The final step, infiltration, serves to give structure and support to cells and tissue stroma to keep the tissue in proper relationship during microtomy. Most embedding waxes are fairly quick infiltrates that can accommodate various sizes and density in tissue specimen (breast, bone, etc.). Paraffin at the molecular level is a simple straight chain hydrocarbon, as seen in the image to the right.

There are various paraffin embedding waxes in the market, each with their own proprietary blend of ingredients. A primary classification distinguishing infiltration waxes can be looked at by the amount and type of additives manufactured into the wax and can be classified as high polymer and low polymer. Polymers and other additives (plastics, resin, etc.) are large polymers with repeating units, which when added to the original paraffin molecule create an enhanced polymer designed for a specific purpose and use. With respect to microtomy, polymer additives give more ribboning strength to the wax and typically allow you to achieve thinner sections during microtomy. However, the addition of these elements to the original molecule subsequently create a larger molecule, and ‘in theory’ create a slower infiltration medium. Thus, a high polymer wax ‘in theory’ is a slower infiltration wax and would be more desirable for microtomy; while a low polymer wax, ‘in theory’ may be more desirable for initial wax infiltration during processing.

This ‘theoretical’ discussion above is the source of why some laboratories choose to use one type of low polymer wax medium in their tissue processors for infiltration, and a high polymer wax in their embedding centers for microtomy. Thus, the Histologist has various choices of high/low polymer waxes to choose from in the market. In reality, most paraffin embedding waxes in the market today are designed for universal application for processing and/or microtomy. Using a high polymer wax for microtomy does not necessarily mean that the same wax will not perform successfully in infiltration. The decision as to whether one works better than the other depends on the personal preference of the user. This author personally prefers a high polymer wax because the added polymers do give a higher performance during microtomy. Ideally, if I could choose two waxes for my lab, I would ‘personally’ choose a high and a low, but if only given the choice of one, I would choose a high polymer wax for both embedding and microtome.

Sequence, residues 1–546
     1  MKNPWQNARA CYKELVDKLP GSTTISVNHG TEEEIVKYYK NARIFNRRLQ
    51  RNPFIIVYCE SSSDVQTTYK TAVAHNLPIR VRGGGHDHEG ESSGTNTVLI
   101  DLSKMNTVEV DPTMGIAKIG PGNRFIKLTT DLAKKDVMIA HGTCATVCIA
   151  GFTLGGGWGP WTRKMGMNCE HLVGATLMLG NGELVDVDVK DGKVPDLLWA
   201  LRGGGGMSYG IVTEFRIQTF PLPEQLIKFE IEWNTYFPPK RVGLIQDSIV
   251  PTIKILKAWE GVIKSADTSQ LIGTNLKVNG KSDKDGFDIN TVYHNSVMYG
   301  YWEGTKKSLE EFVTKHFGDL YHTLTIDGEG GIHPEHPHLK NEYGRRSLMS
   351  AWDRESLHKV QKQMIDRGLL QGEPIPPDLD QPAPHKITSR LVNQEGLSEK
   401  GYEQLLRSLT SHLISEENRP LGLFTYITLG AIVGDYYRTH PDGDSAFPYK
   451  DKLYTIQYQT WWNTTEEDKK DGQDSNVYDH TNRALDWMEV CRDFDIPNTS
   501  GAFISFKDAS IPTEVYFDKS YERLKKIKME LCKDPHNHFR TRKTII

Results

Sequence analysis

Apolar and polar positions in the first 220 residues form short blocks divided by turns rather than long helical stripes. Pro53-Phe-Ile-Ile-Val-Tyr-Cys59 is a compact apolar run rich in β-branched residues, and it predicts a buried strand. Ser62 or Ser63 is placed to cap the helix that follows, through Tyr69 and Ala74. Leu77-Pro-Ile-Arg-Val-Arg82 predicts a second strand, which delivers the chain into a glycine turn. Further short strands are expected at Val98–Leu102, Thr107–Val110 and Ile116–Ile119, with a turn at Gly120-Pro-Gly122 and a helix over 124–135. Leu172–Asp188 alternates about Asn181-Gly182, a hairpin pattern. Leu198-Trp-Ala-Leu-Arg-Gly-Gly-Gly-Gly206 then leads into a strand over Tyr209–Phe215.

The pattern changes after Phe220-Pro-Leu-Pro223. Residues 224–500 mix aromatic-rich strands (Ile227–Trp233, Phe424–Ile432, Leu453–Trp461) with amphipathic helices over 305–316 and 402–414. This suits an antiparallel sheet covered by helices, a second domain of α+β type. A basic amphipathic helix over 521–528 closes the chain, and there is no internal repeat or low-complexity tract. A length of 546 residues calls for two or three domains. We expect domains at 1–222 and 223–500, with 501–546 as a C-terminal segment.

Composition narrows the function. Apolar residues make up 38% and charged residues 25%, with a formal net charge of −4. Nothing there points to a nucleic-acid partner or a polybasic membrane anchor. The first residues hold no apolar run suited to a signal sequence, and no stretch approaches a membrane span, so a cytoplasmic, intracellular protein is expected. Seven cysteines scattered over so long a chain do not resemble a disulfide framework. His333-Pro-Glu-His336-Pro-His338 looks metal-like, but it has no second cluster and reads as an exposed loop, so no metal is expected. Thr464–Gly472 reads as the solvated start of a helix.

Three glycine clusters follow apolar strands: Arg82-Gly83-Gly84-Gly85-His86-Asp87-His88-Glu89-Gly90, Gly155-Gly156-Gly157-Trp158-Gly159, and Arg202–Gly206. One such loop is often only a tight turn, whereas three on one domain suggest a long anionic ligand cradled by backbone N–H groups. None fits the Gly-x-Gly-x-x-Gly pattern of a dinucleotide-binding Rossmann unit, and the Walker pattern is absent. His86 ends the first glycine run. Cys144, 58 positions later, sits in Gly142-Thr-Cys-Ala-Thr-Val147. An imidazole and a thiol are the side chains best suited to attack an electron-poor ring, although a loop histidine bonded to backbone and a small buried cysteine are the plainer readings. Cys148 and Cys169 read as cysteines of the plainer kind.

Having discussed the three elements of post-fixative tissue processing, it must again be emphasized that optimal processing can only be achieved through the administration and maintenance of principles such as: the integrity of solutions (using fresh reagents), time in solutions (mandatory processor start times), and daily monitoring of end results. Daily maintenance of processor machines and consistency in start and run times of tissue are the backbone of achieving optimal tissue processing. For more technical information contact your Customer Relations representative for Lab Storage Systems today.


  1. Brown, HS, “The Dynamics of Fluid Transfer in Fixation & Processing”, Technical Development Series, Lab Management Consultants, 2017.
  2. Carson, FL, ‘Histotechnology-A Self-Instruction Text’, Chicago, Il., ASCP Press, 1997.
  3. PaperNerd Contributor, “Heat Transfer”, Science Essays, Wikipedia, 2001.